11 Oct Africa: A Quality Education Must Involve More than Teaching to the Test
The World Bank just released the World Development Report 2018: Learning to Realize Educations Promise. In this report, it warns of a “learning crisis” in global education. According to this report, millions of young students from developing countries face the prospect of lost opportunity and lower wages in life because of the quality of education they are getting in primary and secondary schools is poor. The report further warns that schooling without learning is both a wasted development opportunity and a great injustice to young people around the world.
As I pondered on the points made on this report, I found myself reflecting on what a good education has done for me despite the obstacles I faced to become the first person in my Kenyan village to obtain a PhD. A good education has empowered me. It has allowed me to pursue a science career. It has opened new horizons and has raised my pride and confidence. It has liberated me and has allowed me to reach for many stars.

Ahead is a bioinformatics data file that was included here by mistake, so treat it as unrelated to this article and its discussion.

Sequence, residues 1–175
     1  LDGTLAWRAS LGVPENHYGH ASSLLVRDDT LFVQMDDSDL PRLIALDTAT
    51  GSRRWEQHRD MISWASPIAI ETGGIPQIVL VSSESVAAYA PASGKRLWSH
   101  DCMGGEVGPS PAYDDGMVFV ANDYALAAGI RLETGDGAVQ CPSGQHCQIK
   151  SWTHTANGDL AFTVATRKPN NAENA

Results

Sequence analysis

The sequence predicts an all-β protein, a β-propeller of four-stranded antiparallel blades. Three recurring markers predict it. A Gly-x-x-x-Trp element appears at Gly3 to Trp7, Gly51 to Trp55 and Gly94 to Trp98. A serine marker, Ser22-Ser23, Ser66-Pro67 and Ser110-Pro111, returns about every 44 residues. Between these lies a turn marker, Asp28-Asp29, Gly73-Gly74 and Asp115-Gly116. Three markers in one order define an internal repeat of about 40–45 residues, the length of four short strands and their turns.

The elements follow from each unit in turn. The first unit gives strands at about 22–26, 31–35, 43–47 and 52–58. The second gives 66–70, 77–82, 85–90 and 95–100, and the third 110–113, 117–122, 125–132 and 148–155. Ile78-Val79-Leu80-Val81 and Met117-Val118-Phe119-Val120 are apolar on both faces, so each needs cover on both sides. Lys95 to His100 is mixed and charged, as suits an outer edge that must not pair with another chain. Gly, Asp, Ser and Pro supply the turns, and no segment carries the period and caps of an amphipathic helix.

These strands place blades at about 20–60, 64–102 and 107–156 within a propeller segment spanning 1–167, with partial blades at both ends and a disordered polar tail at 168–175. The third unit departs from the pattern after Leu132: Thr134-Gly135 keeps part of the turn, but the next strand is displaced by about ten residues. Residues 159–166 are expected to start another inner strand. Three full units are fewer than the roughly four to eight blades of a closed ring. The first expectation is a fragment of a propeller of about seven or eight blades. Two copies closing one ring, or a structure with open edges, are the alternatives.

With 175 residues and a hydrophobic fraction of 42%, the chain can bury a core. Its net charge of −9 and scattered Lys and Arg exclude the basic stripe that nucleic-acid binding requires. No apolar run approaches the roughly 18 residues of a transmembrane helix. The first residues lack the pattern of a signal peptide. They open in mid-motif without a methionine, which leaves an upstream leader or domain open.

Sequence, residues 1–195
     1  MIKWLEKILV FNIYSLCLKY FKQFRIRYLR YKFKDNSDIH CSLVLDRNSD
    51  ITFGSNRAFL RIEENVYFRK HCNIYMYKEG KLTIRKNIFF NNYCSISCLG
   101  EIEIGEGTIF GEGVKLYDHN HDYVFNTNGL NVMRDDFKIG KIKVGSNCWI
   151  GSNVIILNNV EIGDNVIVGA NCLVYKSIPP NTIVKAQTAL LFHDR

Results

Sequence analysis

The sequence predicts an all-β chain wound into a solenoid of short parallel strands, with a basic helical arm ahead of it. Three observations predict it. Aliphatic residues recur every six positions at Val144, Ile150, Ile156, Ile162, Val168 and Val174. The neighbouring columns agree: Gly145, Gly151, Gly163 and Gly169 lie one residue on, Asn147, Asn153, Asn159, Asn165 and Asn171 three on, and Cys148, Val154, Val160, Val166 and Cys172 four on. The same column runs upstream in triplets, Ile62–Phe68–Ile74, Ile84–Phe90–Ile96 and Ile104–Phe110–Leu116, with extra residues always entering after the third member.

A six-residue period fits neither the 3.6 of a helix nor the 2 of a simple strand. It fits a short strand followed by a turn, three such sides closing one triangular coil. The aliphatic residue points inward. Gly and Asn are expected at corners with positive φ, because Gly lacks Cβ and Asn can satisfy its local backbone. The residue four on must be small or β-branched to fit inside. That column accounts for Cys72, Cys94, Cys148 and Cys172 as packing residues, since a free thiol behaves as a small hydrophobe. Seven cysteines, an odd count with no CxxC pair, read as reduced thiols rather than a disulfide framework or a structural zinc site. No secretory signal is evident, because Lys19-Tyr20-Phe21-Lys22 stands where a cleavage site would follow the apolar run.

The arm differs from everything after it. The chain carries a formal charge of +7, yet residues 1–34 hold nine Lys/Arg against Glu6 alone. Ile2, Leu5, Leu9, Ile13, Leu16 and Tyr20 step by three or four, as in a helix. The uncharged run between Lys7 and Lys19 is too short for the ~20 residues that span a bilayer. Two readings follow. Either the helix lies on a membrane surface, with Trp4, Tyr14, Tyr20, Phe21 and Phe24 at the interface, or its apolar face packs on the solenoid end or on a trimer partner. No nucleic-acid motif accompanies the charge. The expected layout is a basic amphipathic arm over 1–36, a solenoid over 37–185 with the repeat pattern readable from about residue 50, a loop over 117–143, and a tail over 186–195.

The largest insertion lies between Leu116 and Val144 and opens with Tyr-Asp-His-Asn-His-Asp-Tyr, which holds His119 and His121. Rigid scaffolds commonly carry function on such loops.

This recently released report made me think more deeply about quality education. What is it? What barometer can we use to gauge the quality of education of our younger generations?
Education is the United Nations’ Sustainable Development Goal 4. By their standards, quality education is one that enables all students to reach their full potential, and it prepares students for meaningful participation in our global world and not just for exams.
Currently there is a clear geographic divide when it comes to quality education. According to Pearson’s report, nations from East Asia outperform other countries, including USA, in offering quality education. South Korea is ranked as number 1. Japan, Singapore and Hong Kong are ranked second, third and fourth respectively. A common theme among these countries is that they reward students’ hard work and efforts, have clear goals and learning outcomes, and engage a broader community of stakeholders. Continue reading